IT can bring you up sharp to hear a voice again, not heard for nearly 20 years.
Not that it wouldn’t be instantly recognisable – to most folk round here, at least – with those vowel sounds, polished by years away from the North East, but still recognisably Tyne Dock.
It’s that of South Shields-born writer, the late Dame Catherine Cookson, who, thanks to the magic of radio, can currently be heard talking about her life over the (computer accessed) air waves.
If you’re a Desert Island Discs aficionado, like me, it’s a delight that the BBC now makes its archive of the programme available to listeners, featuring editions of DID going back as far as the 1940s.
Some of it is absolute gold dust, with stars featured such as Deborah Kerr, and Stewart Granger. But it also features the edition which Catherine Cookson recorded with series creator, Roy Plomley, more than 30 years ago.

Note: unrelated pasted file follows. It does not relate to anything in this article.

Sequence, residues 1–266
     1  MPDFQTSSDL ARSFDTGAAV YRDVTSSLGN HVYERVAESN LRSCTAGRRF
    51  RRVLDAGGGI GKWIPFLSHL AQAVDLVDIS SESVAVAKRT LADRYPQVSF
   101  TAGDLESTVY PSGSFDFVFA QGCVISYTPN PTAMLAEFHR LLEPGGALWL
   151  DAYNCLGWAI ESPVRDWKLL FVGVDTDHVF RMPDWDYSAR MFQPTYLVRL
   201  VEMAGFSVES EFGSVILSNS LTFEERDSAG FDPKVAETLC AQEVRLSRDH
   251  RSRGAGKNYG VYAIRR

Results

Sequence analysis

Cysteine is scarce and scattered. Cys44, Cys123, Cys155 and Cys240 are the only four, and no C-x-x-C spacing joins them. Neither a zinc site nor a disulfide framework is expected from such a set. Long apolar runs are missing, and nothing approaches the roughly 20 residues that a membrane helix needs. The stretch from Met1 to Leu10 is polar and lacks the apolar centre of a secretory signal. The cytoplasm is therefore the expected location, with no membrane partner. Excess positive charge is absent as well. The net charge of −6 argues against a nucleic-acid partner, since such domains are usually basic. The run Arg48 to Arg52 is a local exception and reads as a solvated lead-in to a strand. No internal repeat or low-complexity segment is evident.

In it, she talks about her tough childhood growing up in Shields, about working in the laundry at Harton workhouse and her eventual flight to the south of England, and how she came to pen what was, at that time, more than 60 books.
Her music choices were eclectic, ranging from Chopin, to I Won’t Send Roses, from the musical Mack and Mabel.
For her luxury on the island, she chose a piano.
There are no great revelations – her life, eventually, became an open book – but for anyone who missed it the first time around, it’s highly listen-able to.
Search for it at www.bbc.co.uk